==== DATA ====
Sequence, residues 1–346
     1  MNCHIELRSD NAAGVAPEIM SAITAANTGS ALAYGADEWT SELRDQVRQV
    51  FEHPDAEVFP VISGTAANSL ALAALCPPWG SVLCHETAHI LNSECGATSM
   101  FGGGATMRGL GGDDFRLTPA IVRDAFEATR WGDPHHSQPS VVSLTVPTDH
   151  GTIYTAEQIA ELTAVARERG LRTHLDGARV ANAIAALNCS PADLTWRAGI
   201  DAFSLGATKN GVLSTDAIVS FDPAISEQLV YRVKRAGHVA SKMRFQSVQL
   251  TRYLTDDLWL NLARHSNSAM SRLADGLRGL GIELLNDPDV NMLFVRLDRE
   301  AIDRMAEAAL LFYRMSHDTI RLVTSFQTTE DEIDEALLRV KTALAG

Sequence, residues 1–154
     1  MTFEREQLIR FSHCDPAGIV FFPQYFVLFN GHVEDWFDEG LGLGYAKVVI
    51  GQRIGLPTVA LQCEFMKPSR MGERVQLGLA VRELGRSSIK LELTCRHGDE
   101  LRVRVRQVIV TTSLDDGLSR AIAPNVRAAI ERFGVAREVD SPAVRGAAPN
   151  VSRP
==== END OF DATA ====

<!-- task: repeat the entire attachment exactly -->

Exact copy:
Sequence, residues 1–346
     1  MNCHIELRSD NAAGVAPEIM SAITAANTGS ALAYGADEWT SELRDQVRQV
    51  FEHPDAEVFP VISGTAANSL ALAALCPPWG SVLCHETAHI LNSECGATSM
   101  FGGGATMRGL GGDDFRLTPA IVRDAFEATR WGDPHHSQPS VVSLTVPTDH
   151  GTIYTAEQIA ELTAVARERG LRTHLDGARV ANAIAALNCS PADLTWRAGI
   201  DAFSLGATKN GVLSTDAIVS FDPAISEQLV YRVKRAGHVA SKMRFQSVQL
   251  TRYLTDDLWL NLARHSNSAM SRLADGLRGL GIELLNDPDV NMLFVRLDRE
   301  AIDRMAEAAL LFYRMSHDTI RLVTSFQTTE DEIDEALLRV KTALAG

Sequence, residues 1–154
     1  MTFEREQLIR FSHCDPAGIV FFPQYFVLFN GHVEDWFDEG LGLGYAKVVI
    51  GQRIGLPTVA LQCEFMKPSR MGERVQLGLA VRELGRSSIK LELTCRHGDE
   101  LRVRVRQVIV TTSLDDGLSR AIAPNVRAAI ERFGVAREVD SPAVRGAAPN
   151  VSRP